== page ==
HIV Mutation Thwarts Cocktail. Brigham Young University researchers found that HIV is quickly mutating to become resistant to drugs used in "AIDS cocktail" regimens. The researchers, who published their findings in the March issue of Molecular Biology and Evolution, studied eight HIV-infected patients on combination therapy and found that five who were drug resistant had identical mutations. Evolutionary biologist Keith A. Crandall, of BYU, said that the observations indicate that there are a limited number of ways that HIV can mutate to become resistant. "While it's bad news that it is getting resistant, it is good that there are a limited number of ways it can do it," said Crandall.
Use of Antiviral Therapy by Intravenous Drug Users With HIV. Sharon B. Mannheimer and others from the Columbia University College of Physicians and Surgeons in New York City report in a letter to the editor findings that differ from a recent study by David D. Celentano and colleagues. Celentano, of the Johns Hopkins School of Hygiene and Public Health, and associates reported antiretroviral therapy (ART) use among 51 percent of HIV-infected intravenous drug users in their survey. In a separate survey, Mannheimer et al. found that 78 percent of HIV-infected IDUs were receiving ART. Possible discrepancies between the surveys could have arisen from the fact that their subjects were participating in a drug rehabilitation program including on-site HIV primary care. In another letter, Dr. Stephanie H. Michaels and colleagues from the Louisiana State University School of Medicine found results similar to Celentano et al: HIV patients with a history of substance abuse, incarceration and who are AIDS-free are unlikely to receive ART. Meanwhile, Dr. Rita Murri and others from Catholic University of Rome also note that ART use may be underestimated when compiled by self-reporting. In response, Celentano and Dr. David Vlahov state that Mannheimer's findings demonstrate the major recommendation of the original study -- that combination therapy can be effectively promoted in conjunction with other services.
Doctors Should Coordinate Use of Alternative Therapies. Throughout the United States, use of alternative therapies has increased from 33.8 percent in 1990 to 42.1 percent in 1997. According to Dr. Donald Abrams, assistant director of the AIDS Program at San Francisco General Hospital, between 40 percent and 70 percent of HIV/AIDS patients have turned to some kind of alternative or complementary medicine. Because of this, physicians should be aware of any alternative treatments their patients are taking in order to assess potential side effects with prescribed drugs and treatment outcomes. Abrams notes that "physicians need to learn how to ask their patients whether or not they're using them." Washington, D.C. physician and author Richard A. Elion notes that it is not surprising many HIV-infected individuals often seek both forms of treatment. According to Elion, alternative medicine sometimes better addresses restoration and maintenance of the immune system, while drug therapy helps suppress the viral load.
Outsmarting the Virus. Due to HIV's propensity to develop drug resistance, scientists and physicians are attempting to create methods to treat patients infected with resistant strains. While anti-HIV medication may fail in as many as half of all patients, researchers have developed a method that may increase treatment success. With resistance testing, physicians may be able to determine if patients will succeed on a regimen before they even begin taking the drugs. Two types of tests exist: genotypic and phenotypic. The genotypic test is fast and relatively cheap, but results can be difficult to interpret. The phenotypic test offers clearer results, but can take several weeks and costs about twice as much. Both tests appear to be cost-saving, however, as they can prevent patients from spending money on expensive drugs to which their HIV strain may be resistant. Recent research shows that the tests are fairly effective in helping determine if patients have a resistant strain and what drugs they are resistant to, thereby helping their physicians plot an appropriate regimen. Although there are still doubters in the medical field and insurers have not yet agreed to pay for the service, the cost-effectiveness and initial indications of the efficiency of the tests should change this.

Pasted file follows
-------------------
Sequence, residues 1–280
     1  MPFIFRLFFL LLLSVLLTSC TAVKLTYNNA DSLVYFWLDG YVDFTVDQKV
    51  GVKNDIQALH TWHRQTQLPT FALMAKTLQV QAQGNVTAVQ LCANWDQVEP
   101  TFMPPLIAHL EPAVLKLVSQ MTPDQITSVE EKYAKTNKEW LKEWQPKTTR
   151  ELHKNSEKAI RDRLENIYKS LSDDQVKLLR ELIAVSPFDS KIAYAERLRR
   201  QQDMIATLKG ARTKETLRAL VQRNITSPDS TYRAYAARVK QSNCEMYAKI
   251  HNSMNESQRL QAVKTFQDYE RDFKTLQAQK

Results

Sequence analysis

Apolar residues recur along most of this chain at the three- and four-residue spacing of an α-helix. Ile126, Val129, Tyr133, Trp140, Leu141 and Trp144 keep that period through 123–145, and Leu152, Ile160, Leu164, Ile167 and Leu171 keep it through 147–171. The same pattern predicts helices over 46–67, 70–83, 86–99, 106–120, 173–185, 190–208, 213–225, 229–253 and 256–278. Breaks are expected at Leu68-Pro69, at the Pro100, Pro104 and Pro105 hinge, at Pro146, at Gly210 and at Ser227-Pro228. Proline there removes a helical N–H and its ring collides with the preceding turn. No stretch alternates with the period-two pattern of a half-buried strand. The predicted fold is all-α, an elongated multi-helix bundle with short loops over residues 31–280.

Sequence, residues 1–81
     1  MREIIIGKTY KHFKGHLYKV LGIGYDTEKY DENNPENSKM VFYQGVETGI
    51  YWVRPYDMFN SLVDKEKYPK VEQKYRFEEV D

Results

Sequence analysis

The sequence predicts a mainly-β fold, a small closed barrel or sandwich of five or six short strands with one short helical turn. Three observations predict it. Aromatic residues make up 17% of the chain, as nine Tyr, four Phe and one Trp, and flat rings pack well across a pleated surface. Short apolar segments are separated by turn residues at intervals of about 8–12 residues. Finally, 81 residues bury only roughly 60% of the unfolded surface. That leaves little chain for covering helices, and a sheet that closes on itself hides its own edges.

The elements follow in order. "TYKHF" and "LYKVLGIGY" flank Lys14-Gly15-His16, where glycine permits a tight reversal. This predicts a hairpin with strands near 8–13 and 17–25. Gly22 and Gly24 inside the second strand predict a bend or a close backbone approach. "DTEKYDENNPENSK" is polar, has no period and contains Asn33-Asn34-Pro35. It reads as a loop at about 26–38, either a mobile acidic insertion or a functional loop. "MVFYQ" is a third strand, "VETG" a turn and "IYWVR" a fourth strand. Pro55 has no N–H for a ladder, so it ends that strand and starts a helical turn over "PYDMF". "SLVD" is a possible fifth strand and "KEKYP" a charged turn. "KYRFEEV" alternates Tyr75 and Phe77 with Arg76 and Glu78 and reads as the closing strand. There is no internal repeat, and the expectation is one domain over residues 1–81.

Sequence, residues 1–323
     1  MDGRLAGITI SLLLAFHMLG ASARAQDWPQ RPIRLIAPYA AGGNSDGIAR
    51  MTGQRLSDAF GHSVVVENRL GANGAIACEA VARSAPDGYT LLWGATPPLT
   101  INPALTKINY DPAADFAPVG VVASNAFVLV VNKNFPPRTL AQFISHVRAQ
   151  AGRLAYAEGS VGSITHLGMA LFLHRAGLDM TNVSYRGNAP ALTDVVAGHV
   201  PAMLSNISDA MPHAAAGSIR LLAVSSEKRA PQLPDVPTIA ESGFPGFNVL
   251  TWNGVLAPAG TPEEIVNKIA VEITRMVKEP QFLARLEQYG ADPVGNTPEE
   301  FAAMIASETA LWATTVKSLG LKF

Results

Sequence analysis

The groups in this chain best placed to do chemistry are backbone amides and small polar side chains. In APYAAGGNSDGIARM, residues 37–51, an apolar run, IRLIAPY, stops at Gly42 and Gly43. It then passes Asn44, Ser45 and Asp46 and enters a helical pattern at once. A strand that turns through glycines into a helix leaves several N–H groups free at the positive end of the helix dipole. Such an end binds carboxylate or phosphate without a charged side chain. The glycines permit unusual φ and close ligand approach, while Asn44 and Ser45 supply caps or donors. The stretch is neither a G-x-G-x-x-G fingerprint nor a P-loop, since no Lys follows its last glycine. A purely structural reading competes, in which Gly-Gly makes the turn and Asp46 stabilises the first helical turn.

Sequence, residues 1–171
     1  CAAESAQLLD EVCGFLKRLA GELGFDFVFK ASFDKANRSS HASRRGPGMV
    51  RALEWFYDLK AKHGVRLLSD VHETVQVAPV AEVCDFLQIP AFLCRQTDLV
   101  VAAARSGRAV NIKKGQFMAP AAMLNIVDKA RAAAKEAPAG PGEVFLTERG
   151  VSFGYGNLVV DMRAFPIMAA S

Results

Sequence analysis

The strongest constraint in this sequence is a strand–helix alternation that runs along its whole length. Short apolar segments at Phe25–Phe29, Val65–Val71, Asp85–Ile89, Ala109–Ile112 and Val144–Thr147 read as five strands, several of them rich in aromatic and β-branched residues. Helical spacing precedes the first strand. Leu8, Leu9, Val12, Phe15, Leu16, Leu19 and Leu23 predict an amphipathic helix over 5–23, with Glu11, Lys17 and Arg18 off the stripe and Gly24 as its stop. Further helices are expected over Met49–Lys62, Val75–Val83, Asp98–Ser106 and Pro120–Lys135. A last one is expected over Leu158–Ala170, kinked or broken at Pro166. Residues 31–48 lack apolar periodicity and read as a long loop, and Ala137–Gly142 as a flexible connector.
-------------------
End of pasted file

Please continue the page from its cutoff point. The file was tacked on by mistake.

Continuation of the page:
Viruses as Vectors. Recent discoveries have helped researchers engineer HIV for possible use as a vector system. Prior to the use of lentiviruses as vectors, scientists could only infect nondividing cells ex vivo, so cells in the liver and brain would not benefit from gene therapy. In 1996, Inder Verma, of the Salk Institute for Biological Studies, first reported the use of the retrovirus as a vector system. Verma and others deleted the genes in HIV that allow it to replicate, leaving the genes that allow the virus to integrate into the host genome. The system has been used to deliver genetic material to nondividing cells in mouse and rat models without adverse immunological effects.
Rx for B and C. Researchers and physicians may be gaining ground on hepatitis B virus (HBV) and hepatitis C virus (HCV) infection. HCV infects an estimated 4 million Americans, and HBV is the most common cause of liver disease worldwide, infecting some 350 million people. More than 80 countries have begun inoculating their children against HBV, which spreads readily via sexual contact. The vaccination effort in Saudi Arabia, for example, has reduced the HBV infection rate among young children from 7 percent to 0.5 percent in eight years. However, the vaccine is expensive, and it is not useful to people who are already infected; costly drugs such as interferon are needed to fight infection. In the United States, the Food and Drug Administration approved the use of the anti-HIV drug lamivudine for use against HBV infection. Two other drugs, lobucavir and adefovir, are in clinical trials and appear to be effective against the disease. Another drug, alpha-thymosin, appears to boost T-cell response in infected individuals. Treatments for hepatitis C have been harder to develop because researchers cannot get the virus to grow in animal models or in human cell cultures. Interferon has been the main treatment for the disease, and in December the FDA approved the use of ribavirin, with interferon, for infected individuals.